Cover image for Welcome to my planet : where English is sometimes spoken
Welcome to my planet : where English is sometimes spoken
Olson, Shannon.
Personal Author:
Publication Information:
New York : Viking, 2000.
Physical Description:
vii, 287 pages ; 23 cm
Format :


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X Adult Fiction Open Shelf

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"You have such trouble living in the moment," says The Counselor, sighing, I believe she's losing patience with me. I have been here for four, going on five years now, clutching the small throw pillows in her office against my stomach as if they were life preservers."Have you looked around at the moment?" I say, "I have a huge credit card bill, I'm thirty and single.""It sounds like a wonderful place to begin," she says."To be an adult. To earn your keep. Thirty is not as old as you're making it sound."Welcome To My Planet is a novel that happens at the most neurotic point in one's life--when not dating is as acceptable a social form as dating; when early-morning NPR, infomercials, and VISA provide more thrill and companionship than grad school or one's day-job colleagues, and the daily struggle to get out of bed and interact with higher life forms than the plants or the TV remote takes on near-cosmic significance. Welcome to a center of the universe that's not London or New York, but Minneapolis, USA, where life just isn't The Love Boat for thirty-one year old Shannon, our tongue-in-cheek heroine. Between trips to Target and her parent's house to do laundry, Shannon visits a therapist called The Counselor and tries to get her life together. In a voice that's funny and as raw as your sister's bachelorette party, Shannon Olson brings an up-front perspective on issues of family and love, therapy and debt, and the occasional comforts of a few drinks. She speaks directly to young and not-so-young women who know that Mom's a great place to visit when you can't quite find yourself.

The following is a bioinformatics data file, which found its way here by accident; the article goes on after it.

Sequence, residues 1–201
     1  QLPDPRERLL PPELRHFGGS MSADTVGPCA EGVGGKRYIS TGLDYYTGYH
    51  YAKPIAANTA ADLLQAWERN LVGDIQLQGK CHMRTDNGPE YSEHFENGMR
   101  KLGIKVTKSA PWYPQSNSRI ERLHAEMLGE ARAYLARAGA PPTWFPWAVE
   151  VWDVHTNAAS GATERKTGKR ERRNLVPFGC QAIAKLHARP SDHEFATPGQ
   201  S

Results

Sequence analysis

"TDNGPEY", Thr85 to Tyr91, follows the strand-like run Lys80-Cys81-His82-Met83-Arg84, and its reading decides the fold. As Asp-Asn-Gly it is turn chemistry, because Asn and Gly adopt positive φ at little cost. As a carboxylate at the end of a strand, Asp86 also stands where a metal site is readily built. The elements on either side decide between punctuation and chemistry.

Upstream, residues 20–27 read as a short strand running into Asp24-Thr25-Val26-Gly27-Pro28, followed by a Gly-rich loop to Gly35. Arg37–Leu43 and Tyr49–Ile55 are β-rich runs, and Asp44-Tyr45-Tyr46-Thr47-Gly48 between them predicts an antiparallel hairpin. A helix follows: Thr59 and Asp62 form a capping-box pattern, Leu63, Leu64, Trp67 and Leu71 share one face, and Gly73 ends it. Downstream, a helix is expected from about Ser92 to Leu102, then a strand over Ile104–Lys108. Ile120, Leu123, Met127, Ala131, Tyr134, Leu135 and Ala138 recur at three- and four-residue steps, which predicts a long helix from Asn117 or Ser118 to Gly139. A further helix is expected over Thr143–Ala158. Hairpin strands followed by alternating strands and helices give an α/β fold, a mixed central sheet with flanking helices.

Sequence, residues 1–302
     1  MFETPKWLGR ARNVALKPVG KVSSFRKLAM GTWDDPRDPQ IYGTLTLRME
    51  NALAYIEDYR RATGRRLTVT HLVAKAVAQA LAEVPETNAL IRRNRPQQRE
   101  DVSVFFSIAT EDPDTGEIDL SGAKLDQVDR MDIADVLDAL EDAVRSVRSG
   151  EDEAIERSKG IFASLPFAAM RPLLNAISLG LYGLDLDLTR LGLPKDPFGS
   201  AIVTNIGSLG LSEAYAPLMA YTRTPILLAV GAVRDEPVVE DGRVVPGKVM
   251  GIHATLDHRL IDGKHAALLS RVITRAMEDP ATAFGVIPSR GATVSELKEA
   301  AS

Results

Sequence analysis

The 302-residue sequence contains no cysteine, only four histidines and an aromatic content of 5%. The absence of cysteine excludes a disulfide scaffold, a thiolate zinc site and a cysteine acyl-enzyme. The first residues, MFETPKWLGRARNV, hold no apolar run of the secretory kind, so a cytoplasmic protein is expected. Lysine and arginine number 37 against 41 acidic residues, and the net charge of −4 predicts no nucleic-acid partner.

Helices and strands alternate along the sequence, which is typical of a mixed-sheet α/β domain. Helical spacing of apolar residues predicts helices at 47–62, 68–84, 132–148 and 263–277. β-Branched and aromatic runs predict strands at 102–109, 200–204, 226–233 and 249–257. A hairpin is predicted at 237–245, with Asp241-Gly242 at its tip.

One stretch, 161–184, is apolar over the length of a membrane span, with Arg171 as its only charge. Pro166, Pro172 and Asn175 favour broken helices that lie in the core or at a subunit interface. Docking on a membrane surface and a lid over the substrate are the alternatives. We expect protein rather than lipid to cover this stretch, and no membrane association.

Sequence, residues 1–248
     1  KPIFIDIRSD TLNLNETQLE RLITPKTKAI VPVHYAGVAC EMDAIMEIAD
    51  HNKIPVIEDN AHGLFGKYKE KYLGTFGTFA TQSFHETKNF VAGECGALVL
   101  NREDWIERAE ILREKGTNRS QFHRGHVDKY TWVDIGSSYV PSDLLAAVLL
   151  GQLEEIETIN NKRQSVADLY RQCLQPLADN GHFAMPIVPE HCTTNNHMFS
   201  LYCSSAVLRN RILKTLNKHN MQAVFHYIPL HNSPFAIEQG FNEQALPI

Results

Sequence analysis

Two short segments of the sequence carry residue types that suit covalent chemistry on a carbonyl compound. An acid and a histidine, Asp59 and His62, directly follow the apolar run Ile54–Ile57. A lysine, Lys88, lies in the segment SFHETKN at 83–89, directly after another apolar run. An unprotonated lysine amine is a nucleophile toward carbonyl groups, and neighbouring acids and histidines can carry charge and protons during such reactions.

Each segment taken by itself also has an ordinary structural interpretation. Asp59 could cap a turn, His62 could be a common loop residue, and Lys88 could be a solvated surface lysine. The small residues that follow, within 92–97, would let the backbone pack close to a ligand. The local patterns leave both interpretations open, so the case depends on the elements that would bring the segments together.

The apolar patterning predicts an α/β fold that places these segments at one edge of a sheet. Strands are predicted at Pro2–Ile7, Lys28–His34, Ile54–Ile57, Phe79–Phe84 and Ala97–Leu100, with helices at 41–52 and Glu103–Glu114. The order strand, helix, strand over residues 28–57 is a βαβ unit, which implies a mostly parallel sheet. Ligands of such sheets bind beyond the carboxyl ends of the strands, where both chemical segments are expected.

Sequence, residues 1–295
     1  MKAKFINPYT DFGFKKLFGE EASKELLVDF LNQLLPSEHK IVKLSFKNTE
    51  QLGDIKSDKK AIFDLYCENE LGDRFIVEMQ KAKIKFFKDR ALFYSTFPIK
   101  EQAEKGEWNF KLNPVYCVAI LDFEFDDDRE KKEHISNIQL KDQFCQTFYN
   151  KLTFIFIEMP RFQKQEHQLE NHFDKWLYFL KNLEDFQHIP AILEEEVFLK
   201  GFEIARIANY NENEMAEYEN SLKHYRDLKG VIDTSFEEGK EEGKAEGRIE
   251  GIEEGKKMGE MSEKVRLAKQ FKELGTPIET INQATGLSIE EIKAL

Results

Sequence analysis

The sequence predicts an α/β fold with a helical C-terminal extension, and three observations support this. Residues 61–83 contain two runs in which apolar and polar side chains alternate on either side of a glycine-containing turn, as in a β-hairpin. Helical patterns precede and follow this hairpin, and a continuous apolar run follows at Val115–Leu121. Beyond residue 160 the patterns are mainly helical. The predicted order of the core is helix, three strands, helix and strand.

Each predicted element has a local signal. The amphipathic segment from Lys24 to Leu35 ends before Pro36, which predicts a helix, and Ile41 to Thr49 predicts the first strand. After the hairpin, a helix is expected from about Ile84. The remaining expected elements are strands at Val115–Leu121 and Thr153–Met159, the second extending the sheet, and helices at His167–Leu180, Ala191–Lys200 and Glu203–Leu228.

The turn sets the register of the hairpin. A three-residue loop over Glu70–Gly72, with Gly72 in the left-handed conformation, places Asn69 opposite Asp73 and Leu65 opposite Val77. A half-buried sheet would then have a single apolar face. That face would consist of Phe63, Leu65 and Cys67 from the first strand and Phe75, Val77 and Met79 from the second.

Author Notes

Shannon Olson, author of Welcome to My Planet , has taught creative writing and literature at the University of Minnesota.

Reviews 3

Booklist Review

Two young first novelists hit the scene with novels about young women trying to negotiate parents, friends, and boyfriends while searching for direction in their lives. Maxted's heroine is Helen Bradshaw, who is already trying to cope with a thankless job and a louse of a boyfriend when her father dies of a heart attack. In the aftermath, Helen has to deal with her dramatically distraught mother and her unbelievably stoic grandmother, as well as her own complicated feelings about her father. Meanwhile, the rest of her life is spinning out of control. After she dumps her boyfriend, she sleeps with her shallow friend, Marcus, who avoids her after the incident. But a minor car accident introduces her to Tom, a handsome vet, who just might be the Mr. Right she's been looking for. Although the serious issues in the book are a bit glossed over, Maxted's novel is good comic fun. Olson's novel focuses on a woman also named Shannon Olson, who is working on an MFA at the University of Minnesota (just as the author did). Readers question from the outset how much of the novel is autobiographical and how much is fiction; and although this does hamper the novel in some places, Olson is a talented writer and can make this dual nature work. The novel takes Shannon from her pre-grad-school days, when, feeling lost, she breaks up with her boyfriend and moves back home with her parents. She sees her mother through surgery for a benign tumor, and she battles depression with the help of The Counselor, who tries to help her put her life in perspective. The novel follows her through grad school, her relationship with a fellow grad student named Michael, and her sister's wedding. The plot is slow in some places but Olson's prose is so strong and compelling that the novel ends up being very satisfying. --Kristine Huntley